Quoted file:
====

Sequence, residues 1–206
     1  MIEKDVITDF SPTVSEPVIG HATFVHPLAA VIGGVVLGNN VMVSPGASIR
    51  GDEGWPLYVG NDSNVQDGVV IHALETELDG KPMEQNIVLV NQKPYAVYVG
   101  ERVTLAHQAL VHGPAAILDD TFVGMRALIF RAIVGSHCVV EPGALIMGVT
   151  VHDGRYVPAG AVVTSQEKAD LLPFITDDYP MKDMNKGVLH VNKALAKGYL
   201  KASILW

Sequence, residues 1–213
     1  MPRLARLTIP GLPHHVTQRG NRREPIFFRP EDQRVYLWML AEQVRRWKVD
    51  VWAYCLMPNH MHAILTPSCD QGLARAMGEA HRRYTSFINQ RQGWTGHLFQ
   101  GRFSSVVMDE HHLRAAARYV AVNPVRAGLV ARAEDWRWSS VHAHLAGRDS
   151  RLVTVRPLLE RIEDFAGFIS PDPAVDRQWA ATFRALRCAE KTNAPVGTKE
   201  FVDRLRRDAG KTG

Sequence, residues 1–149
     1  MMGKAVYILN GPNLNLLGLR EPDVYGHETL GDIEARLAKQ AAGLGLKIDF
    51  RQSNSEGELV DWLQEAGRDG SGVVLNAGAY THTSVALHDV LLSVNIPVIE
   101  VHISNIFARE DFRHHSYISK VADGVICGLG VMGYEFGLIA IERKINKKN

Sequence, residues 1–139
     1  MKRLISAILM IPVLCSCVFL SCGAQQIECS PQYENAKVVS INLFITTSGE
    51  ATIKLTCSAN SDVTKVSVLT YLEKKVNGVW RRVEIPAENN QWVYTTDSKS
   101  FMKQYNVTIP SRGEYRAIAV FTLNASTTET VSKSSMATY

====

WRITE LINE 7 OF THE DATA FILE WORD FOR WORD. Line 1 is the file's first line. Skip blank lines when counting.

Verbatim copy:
Sequence, residues 1–213